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Structural Analysis of Aluminum Oxyhydroxide Aerogel by Small Angle X-Ray Scattering

  • A. N. KhodanEmail author
  • G. P. Kopitsa
  • Kh. E. Yorov
  • A. E. Baranchikov
  • V. K. Ivanov
  • A. Feoktystov
  • V. Pipich
Article
  • 44 Downloads

Abstract

The work presents studies on the microstructure and mesostructure of nanostructured aluminum oxyhydroxide formed as a high porous monolithic material through the surface oxidation of aluminum liquidmetal solution in mercury in a temperature- and humidity-controlled air atmosphere. The methods of X-ray diffraction analysis, thermal analysis, the low temperature adsorption of nitrogen vapors, transmission electron microscopy, small-angle and very small-angle neutron scattering, and small-angle X-ray scattering are used for comprehensive investigation of the samples synthesized at 25°С as well as that annealed at temperatures up to 1150°C. It is found that the structure of the monolithic samples can be described within the framework of a three-level model involving primary heterogeneities (typical length scale of rc ≈ 9–19 Å), forming fibrils (cross-sectional radius R ≈ 36–43 Å and length L ≈ 3200–3300 Å) or lamellae (thickness T ≈ 110 Å and width W ≈ 3050 Å) which, in turn, are integrated into large-scale aggregates (typical size R c ≈ 1.25–1.4 μm) with an insignificant surface roughness. It is shown that a high specific surface (~200 m2/g) typical for the initial sample is maintained upon its thermal annealing up to 900°С, and it decreases to 100 m2/g after heat treatment at 1150°С due to fibrillary agglomeration.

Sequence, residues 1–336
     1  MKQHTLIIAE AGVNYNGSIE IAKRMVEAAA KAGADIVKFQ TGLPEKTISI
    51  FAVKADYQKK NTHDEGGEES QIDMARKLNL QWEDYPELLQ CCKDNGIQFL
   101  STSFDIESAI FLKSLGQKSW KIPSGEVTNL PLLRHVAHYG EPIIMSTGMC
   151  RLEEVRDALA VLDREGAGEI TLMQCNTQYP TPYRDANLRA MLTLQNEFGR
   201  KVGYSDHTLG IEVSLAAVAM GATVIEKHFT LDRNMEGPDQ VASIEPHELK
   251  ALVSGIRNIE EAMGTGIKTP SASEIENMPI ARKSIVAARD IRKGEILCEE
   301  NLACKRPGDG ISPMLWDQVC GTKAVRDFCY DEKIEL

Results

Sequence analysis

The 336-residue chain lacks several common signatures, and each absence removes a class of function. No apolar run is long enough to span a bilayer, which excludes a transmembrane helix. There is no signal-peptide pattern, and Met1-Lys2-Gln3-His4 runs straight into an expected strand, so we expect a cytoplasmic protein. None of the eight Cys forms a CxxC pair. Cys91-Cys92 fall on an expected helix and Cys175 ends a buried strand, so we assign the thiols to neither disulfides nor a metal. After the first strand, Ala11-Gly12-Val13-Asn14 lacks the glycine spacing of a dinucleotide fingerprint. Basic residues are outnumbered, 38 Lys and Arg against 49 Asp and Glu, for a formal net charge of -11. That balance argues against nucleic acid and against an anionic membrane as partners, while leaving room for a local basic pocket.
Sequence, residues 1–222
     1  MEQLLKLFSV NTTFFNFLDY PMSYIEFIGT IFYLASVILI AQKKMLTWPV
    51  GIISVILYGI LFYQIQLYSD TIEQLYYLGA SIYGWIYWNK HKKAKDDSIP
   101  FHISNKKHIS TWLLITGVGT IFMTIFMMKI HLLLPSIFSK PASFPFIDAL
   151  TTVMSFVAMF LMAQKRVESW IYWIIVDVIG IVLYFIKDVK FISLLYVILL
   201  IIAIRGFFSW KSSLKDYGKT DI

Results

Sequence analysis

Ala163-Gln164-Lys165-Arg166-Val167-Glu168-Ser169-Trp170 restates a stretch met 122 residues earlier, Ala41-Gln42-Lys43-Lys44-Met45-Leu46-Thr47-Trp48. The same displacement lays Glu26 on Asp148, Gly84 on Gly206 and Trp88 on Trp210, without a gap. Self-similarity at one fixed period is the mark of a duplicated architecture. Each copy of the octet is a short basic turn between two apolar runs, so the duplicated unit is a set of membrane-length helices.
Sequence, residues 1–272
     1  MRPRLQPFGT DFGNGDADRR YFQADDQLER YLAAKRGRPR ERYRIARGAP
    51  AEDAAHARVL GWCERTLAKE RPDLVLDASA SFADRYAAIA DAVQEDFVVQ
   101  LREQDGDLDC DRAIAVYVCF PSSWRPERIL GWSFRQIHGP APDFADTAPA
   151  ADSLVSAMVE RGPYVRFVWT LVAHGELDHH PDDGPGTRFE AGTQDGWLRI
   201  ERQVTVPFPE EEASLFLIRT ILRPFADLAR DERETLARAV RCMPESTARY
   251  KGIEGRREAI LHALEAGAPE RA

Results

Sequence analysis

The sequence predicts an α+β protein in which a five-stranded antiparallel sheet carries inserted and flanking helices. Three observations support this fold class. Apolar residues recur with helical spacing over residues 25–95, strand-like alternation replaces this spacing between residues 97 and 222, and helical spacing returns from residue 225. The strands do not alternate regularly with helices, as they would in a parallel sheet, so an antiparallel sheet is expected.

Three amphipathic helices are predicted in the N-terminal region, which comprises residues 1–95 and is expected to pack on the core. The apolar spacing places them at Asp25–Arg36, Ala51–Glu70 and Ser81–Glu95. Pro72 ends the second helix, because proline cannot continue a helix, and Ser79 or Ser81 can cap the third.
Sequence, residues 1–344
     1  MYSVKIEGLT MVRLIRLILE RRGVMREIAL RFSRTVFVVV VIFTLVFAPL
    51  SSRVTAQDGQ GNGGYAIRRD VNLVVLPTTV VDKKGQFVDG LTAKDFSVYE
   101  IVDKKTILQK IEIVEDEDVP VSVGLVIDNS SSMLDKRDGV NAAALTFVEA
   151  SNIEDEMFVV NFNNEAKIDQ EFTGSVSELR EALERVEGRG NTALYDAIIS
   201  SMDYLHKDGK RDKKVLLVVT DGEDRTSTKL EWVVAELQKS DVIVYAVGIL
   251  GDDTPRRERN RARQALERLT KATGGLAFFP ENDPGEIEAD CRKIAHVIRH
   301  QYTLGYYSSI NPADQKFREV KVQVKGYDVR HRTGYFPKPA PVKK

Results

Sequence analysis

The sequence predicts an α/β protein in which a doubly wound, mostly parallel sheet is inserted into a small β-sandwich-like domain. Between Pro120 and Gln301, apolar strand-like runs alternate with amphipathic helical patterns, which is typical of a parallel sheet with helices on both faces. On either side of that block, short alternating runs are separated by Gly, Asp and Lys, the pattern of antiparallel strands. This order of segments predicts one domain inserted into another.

Keywords

nanostructured aluminum oxyhydroxide aerogels small-angle neutron scattering small-angle X-ray scattering 

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Copyright information

© Pleiades Publishing, Ltd. 2018

Authors and Affiliations

  • A. N. Khodan
    • 1
    Email author
  • G. P. Kopitsa
    • 2
    • 3
  • Kh. E. Yorov
    • 4
  • A. E. Baranchikov
    • 5
  • V. K. Ivanov
    • 5
    • 6
  • A. Feoktystov
    • 7
  • V. Pipich
    • 7
  1. 1.Frumkin Institute of Physical Chemistry and ElectrochemistryRussian Academy of SciencesMoscowRussia
  2. 2.Konstantinov Petersburg Nuclear Physics InstituteNational Research Center “Kurchatov Institute”GatchinaRussia
  3. 3.Grebenshchikov Institute of Silicate ChemistryRussian Academy of SciencesSt.-PetersburgRussia
  4. 4.Moscow State UniversityMoscowRussia
  5. 5.Kurnakov Institute of General and Inorganic ChemistryRussian Academy of SciencesMoscowRussia
  6. 6.National Research Tomsk State UniversityTomskRussia
  7. 7.Jülich Centre for Neutron Science, Forschungszentrum Jülich GmbH, Outstation at MLZGarchingGermany

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